The predicted dose–response function is shown in Fig. 5, where the left panel displays the estimated dose–response function using our model, and the right panel shows the corresponding prediction made by the baseline, i.e. only utilizing the Bliss non-interaction assumption. The red lines in the plot indicate the distances between the predicted dose–response, and the corresponding entries of \({\textbf{F}}\). We see that our model is able to fit the data much better than the baseline, and can adapt to the large synergistic effect of the two drugs. This is also reflected in the wRMSE computed only for this experiment, which is 0.1187 for the PIICM and 0.3337 for the baseline model.

### Predicting raw viability and comparing against comboLTR

We compare our modelling framework against comboLTR in terms of how well it can predict raw viability measurements. Unlike the previous sections, where the focus was to predict the dose–response function, *f*, of an unseen experiment, here we attempt to predict the actual viability measurements. We compare our model against the comboLTR model, and use the RMSE as the main metric of performance. The results are displayed in Table 2, where we compare the PIICM against the baseline (Bliss) model, as well as comboLTR. We see that in terms of RMSE, both comboLTR (RMSE = 0.1271) and PIICM (RMSE = 0.1270) outperform the Baseline model (RMSE = 0.1402), and that PIICM is marginally better at predicting viability compared to comboLTR. When looking at Pearson correlation, the results are similar, where PIICM is slightly outperforming comboLTR, with a Pearson’s r of 0.9267 against 0.9260.

The results are also shown in Fig. 6, where we plot the observed viability measurements against the predicted viabilities from the baseline, PIICM and comboLTR models. The most noticable feature of the figure is the hard limits on the prediction by the baseline model and the PIICM. These models never predict viability measurements outside the [0, 1] interval, assuming these viability measurements to represent biological and technical noise. This reflects the underlying assumption that no cancer drugs can be beneficial to cell growth, nor can the drugs induce cell death below zero per cent viability. The comboLTR model does not have such a restriction, and will predict viability measurements outside this bound. Part of the reason for the similar performance of comboLTR and PIICM in terms of RMSE and correlation despite the plots looking dissimilar, is that most viability measurements are within the [0, 1] range, in particular measurements below zero are very rare. Also note the persistence of viability measurements near one, with varying prediction accuracy in the lower right corner, as was observed also in Fig. 3. That these observations are still not predicted well could indicate that they are outliers that should be removed in pre-processing.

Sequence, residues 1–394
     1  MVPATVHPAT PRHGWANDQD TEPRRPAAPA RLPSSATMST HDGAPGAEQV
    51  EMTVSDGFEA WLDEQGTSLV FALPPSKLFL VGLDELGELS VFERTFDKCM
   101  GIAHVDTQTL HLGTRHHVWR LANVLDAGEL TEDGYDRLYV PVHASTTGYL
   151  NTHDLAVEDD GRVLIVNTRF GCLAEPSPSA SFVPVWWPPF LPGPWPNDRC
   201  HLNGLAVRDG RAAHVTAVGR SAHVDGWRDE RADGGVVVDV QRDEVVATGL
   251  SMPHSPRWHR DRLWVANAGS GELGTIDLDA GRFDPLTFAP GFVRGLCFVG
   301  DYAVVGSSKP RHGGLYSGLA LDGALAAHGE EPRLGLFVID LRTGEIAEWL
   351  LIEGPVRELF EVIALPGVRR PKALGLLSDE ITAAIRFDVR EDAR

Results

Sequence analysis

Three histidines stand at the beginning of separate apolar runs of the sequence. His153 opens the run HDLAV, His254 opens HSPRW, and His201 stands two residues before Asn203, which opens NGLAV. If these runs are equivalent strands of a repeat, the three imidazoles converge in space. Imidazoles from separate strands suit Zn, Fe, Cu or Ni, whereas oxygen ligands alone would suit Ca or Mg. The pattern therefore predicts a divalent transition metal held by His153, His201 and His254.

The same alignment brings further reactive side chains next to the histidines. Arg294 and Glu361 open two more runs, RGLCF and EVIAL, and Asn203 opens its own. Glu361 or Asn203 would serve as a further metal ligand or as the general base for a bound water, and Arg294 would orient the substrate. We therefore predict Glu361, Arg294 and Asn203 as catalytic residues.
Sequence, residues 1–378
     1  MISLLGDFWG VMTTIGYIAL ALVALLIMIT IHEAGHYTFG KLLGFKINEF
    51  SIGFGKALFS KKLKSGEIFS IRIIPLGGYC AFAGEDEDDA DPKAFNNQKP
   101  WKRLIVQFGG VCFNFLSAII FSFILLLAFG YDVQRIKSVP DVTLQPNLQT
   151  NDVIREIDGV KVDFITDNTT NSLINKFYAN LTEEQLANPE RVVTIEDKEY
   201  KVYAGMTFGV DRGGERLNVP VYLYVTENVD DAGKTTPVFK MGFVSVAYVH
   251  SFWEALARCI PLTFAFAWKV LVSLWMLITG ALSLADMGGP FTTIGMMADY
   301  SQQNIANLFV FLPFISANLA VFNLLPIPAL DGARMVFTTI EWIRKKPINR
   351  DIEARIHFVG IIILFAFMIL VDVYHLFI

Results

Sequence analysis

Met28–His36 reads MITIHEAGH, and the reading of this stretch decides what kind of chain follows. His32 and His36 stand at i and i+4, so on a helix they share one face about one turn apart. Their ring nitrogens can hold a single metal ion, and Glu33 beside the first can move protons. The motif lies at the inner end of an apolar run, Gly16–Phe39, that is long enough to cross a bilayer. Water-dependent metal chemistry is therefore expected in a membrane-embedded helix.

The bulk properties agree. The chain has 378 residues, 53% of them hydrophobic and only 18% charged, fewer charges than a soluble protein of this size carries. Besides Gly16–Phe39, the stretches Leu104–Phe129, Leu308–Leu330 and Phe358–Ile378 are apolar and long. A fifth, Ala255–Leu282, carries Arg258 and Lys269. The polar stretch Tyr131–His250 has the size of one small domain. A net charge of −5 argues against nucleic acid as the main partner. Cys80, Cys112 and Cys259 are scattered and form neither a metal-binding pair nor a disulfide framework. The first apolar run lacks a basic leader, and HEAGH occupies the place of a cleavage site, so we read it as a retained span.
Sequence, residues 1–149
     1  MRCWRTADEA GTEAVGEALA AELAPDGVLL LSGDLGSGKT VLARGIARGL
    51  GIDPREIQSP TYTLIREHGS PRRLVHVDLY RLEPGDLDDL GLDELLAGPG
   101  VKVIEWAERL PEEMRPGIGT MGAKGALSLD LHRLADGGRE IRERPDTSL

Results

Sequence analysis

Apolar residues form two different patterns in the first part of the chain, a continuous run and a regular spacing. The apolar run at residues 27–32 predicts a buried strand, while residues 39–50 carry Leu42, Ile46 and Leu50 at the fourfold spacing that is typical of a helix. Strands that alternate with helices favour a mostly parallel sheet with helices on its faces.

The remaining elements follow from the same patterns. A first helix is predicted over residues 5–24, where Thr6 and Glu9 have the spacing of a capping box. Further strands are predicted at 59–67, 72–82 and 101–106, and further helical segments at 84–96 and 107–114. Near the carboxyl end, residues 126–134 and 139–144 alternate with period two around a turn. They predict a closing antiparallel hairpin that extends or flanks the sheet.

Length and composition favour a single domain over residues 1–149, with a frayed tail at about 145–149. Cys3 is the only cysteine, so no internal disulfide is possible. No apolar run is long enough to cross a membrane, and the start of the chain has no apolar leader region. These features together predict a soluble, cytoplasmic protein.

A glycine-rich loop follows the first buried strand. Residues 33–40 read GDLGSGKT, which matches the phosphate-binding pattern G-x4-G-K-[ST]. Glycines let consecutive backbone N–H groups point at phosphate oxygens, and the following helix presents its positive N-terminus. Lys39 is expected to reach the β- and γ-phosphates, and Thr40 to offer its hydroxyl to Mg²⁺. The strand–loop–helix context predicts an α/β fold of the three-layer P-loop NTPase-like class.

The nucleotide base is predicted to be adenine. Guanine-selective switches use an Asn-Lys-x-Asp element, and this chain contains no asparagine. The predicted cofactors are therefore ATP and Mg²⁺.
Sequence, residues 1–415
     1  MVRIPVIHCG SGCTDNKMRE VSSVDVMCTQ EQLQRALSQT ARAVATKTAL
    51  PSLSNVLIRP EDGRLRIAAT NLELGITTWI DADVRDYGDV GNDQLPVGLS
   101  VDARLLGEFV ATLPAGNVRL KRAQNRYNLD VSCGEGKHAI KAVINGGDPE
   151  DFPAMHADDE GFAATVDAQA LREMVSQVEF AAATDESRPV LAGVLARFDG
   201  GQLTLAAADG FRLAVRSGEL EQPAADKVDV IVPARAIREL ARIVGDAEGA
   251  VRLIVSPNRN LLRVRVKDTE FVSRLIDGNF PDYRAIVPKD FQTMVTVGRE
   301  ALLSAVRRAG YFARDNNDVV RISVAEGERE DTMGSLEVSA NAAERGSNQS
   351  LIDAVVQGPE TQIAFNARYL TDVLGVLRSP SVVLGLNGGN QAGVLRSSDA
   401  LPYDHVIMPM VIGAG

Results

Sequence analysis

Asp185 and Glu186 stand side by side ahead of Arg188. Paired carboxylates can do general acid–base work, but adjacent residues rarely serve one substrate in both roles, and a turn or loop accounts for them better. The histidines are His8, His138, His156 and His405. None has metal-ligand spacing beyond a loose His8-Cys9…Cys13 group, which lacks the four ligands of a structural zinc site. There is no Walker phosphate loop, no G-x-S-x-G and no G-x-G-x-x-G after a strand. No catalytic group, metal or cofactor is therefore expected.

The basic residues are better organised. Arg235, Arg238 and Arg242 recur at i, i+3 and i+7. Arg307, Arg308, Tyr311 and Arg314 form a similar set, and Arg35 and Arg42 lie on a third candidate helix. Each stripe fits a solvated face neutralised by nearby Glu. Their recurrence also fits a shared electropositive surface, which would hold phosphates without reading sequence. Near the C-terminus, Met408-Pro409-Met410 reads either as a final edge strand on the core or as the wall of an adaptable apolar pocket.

## Conclusion

In this paper we developed a novel approach to predicting dose–response for in-vitro drug combination experiments on cancer cell lines. We constructed a permutation invariant multi-output Gaussian process prior that encodes the symmetries and invariances inherent in dose–response functions. A two-stage observation model was utilized that introduces individual level observation noise, accounting for the inherent measurement errors in the dose–response experiments. These measurement errors reflect both the natural uncertainty across the dose–response surface *within* an experiment (due to e.g. the stochasticity of cell growth, or technical errors from the viability assay), but additionally they capture differences in uncertainty *between* experiments, which can be substantial depending on e.g. the number of technical replicates or the design of the experiment. Utilizing the conjugacy of the model and Kronecker algebra, we described a fast, scalable and exact inference procedure that handles incomplete datasets which are commonplace in drug combination screens. We showed that our model outperforms the baseline model (Bliss independence) when predicting the dose–response function of untested experiments, and that accounting for both measurement error and invariance is crucial for the model’s performance. Furthermore, we illustrated that the model can predict synergistic dose–response surfaces in held-out experiments.

The model in this paper can be extended in numerous ways, the most readily available being different kernel choices for the drug combination and cell line covariances. While the low-rank structure currently utilized offers a lot in terms of flexibility to learn complex patterns of covariance, this choice also have some downsides.